The biggest risk is whether there will be a war in Ukraine (the interview was taken before the Russian invasion started). If there is a military conflict in Ukraine, especially if it is a longer and bigger, it will lead to sanctions, on the one hand, and most likely to a significant increase in oil prices. On the other hand, this would not only put to the test the Bulgarian and European economies, we would also have to reconsider all plans for inflation, growth and so on.
Do you mean inflation will go up and growth will slow down?
It depends on Russia's reaction and the response of the United States and Europe. If a military conflict breaks out and Russia restricts its oil exports, prices will rise. At the same time, we have seen in the past how the United States is opening its strategic reserve and prices are falling. So it is difficult to predict what will happen in international markets before we see the initial reactions to such a conflict.
I have said before that inflation is expected to peak in the March-April period. After April, the European Central Bank will most likely move towards tightening the money supply, raising interest rates and, accordingly, this will tame inflation in Europe and Bulgaria. In our country, the energy price rise shock has already happened and the expectations are for calming. We plan to create an energy market segment that will require long-term contracts such as 12-month, 24-month contracts. So then it would be clear what the energy prices will be, at least for electricity, and this will reassure both producers and consumers.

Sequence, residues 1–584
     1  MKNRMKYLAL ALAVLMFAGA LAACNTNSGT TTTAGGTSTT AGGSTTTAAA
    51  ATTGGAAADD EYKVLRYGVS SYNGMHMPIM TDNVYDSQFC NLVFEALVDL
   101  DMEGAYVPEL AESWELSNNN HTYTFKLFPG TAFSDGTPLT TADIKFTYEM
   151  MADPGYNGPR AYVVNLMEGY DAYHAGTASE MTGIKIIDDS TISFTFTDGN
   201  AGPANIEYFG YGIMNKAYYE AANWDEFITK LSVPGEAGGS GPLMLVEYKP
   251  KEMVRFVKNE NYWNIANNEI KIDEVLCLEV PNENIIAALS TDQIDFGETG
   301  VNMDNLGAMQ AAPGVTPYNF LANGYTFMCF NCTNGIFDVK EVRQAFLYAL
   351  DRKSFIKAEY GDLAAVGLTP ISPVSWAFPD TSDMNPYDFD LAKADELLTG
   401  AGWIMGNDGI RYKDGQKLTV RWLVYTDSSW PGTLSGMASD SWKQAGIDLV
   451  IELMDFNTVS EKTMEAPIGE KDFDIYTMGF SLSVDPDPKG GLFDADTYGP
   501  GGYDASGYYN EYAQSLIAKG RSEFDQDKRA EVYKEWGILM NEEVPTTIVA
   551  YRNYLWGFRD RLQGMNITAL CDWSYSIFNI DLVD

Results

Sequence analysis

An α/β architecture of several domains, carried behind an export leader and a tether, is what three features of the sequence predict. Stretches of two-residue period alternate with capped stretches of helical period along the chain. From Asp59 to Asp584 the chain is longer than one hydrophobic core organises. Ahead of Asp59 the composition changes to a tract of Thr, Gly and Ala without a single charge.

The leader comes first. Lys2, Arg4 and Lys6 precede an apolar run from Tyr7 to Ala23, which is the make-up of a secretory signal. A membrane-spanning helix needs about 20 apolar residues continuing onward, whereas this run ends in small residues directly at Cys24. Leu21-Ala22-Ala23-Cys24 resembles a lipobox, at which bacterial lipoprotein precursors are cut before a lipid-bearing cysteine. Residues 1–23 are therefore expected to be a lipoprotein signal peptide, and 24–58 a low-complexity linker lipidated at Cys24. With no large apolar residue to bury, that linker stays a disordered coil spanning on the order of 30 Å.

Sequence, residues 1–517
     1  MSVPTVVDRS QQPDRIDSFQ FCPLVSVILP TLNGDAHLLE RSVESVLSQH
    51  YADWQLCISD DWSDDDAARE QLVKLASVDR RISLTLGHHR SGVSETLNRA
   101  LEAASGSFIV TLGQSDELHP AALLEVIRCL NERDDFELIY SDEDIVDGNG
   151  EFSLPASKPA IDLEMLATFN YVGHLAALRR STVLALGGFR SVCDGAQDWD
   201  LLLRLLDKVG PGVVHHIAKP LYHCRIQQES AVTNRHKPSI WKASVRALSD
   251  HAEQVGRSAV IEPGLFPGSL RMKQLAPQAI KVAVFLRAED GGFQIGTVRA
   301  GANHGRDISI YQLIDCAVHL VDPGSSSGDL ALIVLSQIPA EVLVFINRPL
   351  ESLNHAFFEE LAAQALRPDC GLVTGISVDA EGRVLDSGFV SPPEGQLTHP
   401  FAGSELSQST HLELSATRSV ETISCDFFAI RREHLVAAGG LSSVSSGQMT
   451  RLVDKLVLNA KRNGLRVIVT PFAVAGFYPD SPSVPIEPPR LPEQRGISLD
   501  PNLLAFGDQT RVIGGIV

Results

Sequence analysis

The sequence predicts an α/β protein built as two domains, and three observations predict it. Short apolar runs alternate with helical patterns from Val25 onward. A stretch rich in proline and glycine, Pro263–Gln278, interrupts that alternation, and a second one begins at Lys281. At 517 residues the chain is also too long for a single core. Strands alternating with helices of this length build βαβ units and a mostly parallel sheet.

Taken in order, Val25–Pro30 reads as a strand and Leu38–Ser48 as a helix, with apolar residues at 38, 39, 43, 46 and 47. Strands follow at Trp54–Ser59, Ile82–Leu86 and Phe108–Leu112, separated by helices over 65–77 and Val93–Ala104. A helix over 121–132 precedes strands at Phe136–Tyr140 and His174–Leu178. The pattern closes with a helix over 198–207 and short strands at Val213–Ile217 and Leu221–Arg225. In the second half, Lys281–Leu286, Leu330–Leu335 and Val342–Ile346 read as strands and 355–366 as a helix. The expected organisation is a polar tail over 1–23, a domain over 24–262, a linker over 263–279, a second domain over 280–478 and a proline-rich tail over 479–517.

Do you still think that Bulgaria will meet the Maastricht criteria in time, so as to be able to adopt the euro in 2024?
Yes, the basic parameters are set that way.
Is 2024 still an achievable date for the adoption of the euro?
Bulgaria is working very intensively and we have no signals that 2024 is not achievable.
Which are the three priority tasks you have set for yourself as a Finance Minister and Deputy Prime Minister for this year?